Building on the work of former Senator Mary Margaret Whipple, I successfully sponsored legislation creating the Virginia Affordable Housing Trust Fund and was named the Virginia Housing Coalition’s 2013 Legislative Leader. As a revolving loan fund, the Trust Fund will help create affordable housing and address homelessness throughout the Commonwealth. While we secured $8 million in funding through the budget process, the Trust Fund will need a permanent, dedicated source of revenue in order to effectively meet the needs of Virginians. Over the next two years, finding a steady source of revenue will be one of my top priorities. (more…)
Issues like the Columbia Pike streetcar and the housing authority referendum were at the forefront last night during the Arlington Civic Federation’s annual candidates’ forum.
The debate between County Board member Jay Fisette and Green Party challenger Audrey Clement was the night’s most divisive, with Clement challenging the streetcar project and the Board’s fiscal policies.
“I pledge to raise no taxes,” Clement said, “Repeal last year’s tax increase… and authorize an inspector general for the county’s budget.”
Clement again voiced her support for the referendum to create a housing authority, which Fisette and other Board members oppose. Fisette defended the Board’s actions, asserting that the tax increases were largely to pay for the increase in school enrollment and the streetcar “fulfills the vision of the revitalization of Columbia Pike.”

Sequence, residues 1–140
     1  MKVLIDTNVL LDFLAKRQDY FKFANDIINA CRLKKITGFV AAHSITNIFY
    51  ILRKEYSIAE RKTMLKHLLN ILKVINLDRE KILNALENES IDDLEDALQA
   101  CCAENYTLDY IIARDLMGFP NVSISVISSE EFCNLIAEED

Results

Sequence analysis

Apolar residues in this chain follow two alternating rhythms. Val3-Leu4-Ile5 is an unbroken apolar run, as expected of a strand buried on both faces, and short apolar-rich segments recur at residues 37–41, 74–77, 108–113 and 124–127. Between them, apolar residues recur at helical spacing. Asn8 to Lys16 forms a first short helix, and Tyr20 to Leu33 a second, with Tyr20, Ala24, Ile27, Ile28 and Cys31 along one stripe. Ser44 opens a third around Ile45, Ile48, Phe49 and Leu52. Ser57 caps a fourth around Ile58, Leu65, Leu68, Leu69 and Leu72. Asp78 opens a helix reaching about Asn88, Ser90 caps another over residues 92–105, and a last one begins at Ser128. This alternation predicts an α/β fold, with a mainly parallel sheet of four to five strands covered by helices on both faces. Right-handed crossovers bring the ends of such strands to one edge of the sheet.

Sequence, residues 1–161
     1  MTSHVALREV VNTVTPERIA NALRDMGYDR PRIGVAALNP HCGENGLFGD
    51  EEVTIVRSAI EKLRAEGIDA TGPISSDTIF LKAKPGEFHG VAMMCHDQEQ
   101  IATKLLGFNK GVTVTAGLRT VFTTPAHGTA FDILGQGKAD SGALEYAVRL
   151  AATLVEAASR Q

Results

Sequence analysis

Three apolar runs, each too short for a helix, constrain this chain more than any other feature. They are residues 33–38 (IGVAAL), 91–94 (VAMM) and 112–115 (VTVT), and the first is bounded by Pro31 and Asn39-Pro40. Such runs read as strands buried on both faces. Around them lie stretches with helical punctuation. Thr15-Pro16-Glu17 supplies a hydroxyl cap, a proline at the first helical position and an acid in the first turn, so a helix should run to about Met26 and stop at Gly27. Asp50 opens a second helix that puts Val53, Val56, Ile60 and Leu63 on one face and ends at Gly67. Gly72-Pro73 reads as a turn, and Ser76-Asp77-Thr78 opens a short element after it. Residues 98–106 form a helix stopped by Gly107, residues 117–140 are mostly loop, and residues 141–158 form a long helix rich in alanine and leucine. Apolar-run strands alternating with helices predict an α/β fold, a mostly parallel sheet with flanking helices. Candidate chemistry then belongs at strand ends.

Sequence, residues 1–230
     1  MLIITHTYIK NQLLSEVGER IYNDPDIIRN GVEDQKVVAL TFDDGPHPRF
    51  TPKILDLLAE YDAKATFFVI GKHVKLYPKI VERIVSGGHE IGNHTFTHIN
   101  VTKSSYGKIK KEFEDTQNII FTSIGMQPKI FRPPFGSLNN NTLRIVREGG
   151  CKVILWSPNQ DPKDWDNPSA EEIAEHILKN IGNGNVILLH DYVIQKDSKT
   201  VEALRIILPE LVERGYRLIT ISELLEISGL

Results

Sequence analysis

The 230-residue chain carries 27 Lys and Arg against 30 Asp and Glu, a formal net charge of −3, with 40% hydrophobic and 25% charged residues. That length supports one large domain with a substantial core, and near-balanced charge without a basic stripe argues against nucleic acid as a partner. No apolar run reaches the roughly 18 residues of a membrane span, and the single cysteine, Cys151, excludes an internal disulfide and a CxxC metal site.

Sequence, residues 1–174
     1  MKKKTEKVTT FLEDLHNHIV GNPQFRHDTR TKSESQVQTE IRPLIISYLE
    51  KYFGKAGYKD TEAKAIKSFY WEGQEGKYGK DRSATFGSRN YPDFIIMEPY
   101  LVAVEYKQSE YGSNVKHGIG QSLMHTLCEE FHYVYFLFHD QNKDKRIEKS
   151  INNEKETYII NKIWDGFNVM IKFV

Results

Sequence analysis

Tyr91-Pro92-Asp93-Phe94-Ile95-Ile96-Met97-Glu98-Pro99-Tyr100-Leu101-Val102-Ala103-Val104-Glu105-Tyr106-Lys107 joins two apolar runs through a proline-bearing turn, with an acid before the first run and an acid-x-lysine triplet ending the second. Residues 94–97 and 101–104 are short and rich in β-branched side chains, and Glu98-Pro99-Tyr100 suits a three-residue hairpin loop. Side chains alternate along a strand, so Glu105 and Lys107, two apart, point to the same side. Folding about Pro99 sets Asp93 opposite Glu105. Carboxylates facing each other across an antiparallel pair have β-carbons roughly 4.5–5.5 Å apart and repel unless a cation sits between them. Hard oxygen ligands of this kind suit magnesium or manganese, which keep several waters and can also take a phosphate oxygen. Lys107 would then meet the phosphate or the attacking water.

“I will ensure that Arlington continues to be a community that respects the differences among us,” he said. “I believe that there’s more to do, and I have more to give.”
Six races were represented during the forum: Fisette’s Board seat, James Lander’s School Board seat, and the 45th, 47th, 48th, and 49th District races for the House of Delegates. Lander and Del. Robert Brink (D-48) are running unopposed, and each gave two-minute speeches and took one question from the floor. Del. Rob Krupicka (D-45) did not have an opponent to debate at the forum after it was revealed that independent candidate Jeffrey Engle was not in attendance.
Del. Patrick Hope (D-47) and Libertarian challenger Laura Delhomme — participating in her first debate — fielded questions about affordable housing, wind energy and their thoughts on the Republican state ticket. No Republican is running for any seat, state or local, in Arlington.
“I’m not a socially liberal Republican, I’m not a fiscally conservative Democrat,” said Delhomme, who suggested repealing the state income tax and the Virginia Marriage Amendment.
Hope advocated for transferring more of Virginia’s energy from coal and natural gas to wind power and discussed how difficult it was to make progress in the General Assembly.